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Implementing New Signers
To implement a new Signer, the first step is to implement a SignerType. In most cases, SignerType will refer to a public key and Signer<SignerType> will refer to a private key corresponding to the SignerType.
To implement a SignerType you must implement the following trait:
// src/signer/signer
#[async_trait(?Send)]
pub trait SignerType
where
Self: Sized,
{
fn name(&self) -> String;
​
async fn valid_signature(&self, statement: &str, signature: &str) -> Result<(), SignerError>;
​
fn did_id(&self) -> Result<String, SignerError>;
​
fn new(t: &DID) -> Result<Self, SignerError>;
​
fn did(&self) -> DID;
}
The implementation for ed25519 looks like:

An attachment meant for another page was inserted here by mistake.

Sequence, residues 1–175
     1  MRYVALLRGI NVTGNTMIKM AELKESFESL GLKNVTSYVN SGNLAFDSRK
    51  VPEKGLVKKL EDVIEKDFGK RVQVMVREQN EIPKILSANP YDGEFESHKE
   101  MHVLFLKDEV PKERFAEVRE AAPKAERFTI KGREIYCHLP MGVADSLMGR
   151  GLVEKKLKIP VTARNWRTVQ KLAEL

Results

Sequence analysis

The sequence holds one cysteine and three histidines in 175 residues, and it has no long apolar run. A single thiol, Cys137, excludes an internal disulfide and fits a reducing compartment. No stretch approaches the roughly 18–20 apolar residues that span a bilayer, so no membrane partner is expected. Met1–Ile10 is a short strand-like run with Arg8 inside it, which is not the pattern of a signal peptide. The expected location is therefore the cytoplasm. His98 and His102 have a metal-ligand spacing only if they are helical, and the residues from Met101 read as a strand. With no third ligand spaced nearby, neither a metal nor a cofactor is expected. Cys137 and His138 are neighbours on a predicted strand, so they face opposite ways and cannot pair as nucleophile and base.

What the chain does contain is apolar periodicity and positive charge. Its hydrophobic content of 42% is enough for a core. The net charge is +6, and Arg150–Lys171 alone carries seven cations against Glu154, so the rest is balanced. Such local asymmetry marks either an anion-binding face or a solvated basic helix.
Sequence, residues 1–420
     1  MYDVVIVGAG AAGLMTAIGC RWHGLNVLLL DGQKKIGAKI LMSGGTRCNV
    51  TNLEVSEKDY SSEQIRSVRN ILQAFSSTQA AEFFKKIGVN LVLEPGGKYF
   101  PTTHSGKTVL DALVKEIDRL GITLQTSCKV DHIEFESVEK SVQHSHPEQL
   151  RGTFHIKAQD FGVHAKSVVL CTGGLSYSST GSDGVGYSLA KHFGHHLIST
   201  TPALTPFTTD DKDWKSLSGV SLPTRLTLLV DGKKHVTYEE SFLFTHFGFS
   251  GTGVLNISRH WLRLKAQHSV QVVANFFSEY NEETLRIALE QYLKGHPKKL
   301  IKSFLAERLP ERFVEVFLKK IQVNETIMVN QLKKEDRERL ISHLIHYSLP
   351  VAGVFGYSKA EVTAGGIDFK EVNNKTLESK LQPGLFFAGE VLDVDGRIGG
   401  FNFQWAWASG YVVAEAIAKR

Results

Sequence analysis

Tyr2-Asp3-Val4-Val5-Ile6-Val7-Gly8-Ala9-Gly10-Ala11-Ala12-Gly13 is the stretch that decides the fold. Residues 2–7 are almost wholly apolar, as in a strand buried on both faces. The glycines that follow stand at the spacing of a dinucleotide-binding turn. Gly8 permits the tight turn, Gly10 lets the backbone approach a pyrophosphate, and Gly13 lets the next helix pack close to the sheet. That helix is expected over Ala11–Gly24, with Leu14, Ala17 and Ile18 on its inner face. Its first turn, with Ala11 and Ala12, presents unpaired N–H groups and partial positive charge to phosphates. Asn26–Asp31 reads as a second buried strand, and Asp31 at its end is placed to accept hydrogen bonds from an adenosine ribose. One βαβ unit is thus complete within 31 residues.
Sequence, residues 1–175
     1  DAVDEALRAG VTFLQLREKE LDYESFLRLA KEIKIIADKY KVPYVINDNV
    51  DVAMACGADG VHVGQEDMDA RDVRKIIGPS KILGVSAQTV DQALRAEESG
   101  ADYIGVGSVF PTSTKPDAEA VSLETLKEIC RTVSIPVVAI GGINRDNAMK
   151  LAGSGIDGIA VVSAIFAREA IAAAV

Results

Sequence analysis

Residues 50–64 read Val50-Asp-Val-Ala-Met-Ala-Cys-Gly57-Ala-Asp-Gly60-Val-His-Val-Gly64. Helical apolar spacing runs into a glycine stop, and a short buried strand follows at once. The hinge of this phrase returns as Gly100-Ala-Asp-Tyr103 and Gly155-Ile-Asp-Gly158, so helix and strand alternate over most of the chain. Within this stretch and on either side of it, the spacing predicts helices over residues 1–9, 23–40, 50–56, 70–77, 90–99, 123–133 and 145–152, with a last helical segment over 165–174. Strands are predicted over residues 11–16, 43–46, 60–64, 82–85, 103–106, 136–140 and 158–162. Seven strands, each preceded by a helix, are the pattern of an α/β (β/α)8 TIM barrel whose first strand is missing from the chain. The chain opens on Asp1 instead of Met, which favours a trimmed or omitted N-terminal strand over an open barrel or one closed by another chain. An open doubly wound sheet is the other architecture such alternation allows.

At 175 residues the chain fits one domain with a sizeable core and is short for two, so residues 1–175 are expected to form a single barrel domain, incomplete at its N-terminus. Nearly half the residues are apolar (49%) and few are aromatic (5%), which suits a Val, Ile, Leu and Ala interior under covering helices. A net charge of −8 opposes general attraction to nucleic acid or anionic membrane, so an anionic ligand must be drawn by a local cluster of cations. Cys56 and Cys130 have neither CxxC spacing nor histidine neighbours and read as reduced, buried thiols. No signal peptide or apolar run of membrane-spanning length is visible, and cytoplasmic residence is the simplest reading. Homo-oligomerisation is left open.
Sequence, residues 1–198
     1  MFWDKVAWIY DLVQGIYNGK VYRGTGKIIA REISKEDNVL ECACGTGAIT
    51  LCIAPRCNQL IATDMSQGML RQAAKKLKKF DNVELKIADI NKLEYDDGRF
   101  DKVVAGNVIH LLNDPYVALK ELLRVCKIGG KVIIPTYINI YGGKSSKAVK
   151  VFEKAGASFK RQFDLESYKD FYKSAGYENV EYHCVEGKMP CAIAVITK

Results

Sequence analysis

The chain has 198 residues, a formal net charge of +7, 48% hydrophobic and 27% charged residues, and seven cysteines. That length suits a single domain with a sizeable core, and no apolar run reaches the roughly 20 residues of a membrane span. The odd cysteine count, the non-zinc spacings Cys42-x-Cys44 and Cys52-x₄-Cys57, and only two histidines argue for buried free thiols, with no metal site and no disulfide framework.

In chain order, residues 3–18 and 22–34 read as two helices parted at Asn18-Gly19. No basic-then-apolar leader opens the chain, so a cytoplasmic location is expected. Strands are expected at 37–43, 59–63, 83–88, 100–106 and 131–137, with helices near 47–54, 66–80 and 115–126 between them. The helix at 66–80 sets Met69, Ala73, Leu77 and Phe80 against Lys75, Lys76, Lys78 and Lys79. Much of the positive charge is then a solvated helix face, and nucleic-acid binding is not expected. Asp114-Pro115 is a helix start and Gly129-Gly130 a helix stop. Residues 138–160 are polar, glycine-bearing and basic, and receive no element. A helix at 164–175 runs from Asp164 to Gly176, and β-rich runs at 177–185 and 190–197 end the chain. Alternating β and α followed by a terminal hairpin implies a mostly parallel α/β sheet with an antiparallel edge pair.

// src/signer/ed25519
#[derive(Clone)]
pub enum Ed25519 {
// TODO: Change name?
DIDWebJWK(Option<String>),
}
​
#[async_trait(?Send)]
impl SignerType for Ed25519 {
fn new(t: &SignerDID) -> Result<Self, SignerError> {
match t {
SignerDID::Web(o) => Ok(Ed25519::DIDWebJWK(o.clone())),
_ => Err(SignerError::InvalidSignerOpts {
signer_type: t.to_string(),
reason: "expected ed25519 signer type".to_string(),
}),
}
}
​
fn did(&self) -> SignerDID {
match self {
Ed25519::DIDWebJWK(o) => SignerDID::Web(o.clone()),
}
}
​
fn name(&self) -> String {
match self {
Ed25519::DIDWebJWK(_) => "Ed25519 Web Key".to_string(),
}
}
​
fn did_id(&self) -> Result<String, SignerError> {
match self {
Ed25519::DIDWebJWK(Some(s)) => Ok(s.to_owned()),
_ => Err(SignerError::InvalidId {
signer_type: self.name(),
reason: "no id set or incorrect id type".to_string(),
}),
}
}
​
async fn valid_signature(&self, statement: &str, signature: &str) -> Result<(), SignerError> {
let sig = Signature::from_bytes(&hex::decode(signature).map_err(|e| {
SignerError::InvalidSignature {
signer_type: self.name(),
reason: e.to_string(),
}
})?)
.map_err(|e| SignerError::InvalidSignature {
signer_type: self.name(),
reason: e.to_string(),
})?;
​
let stmt = statement.as_bytes();
let pubkey = self.pubkey().await?;
​
pubkey
.verify(&stmt, &sig)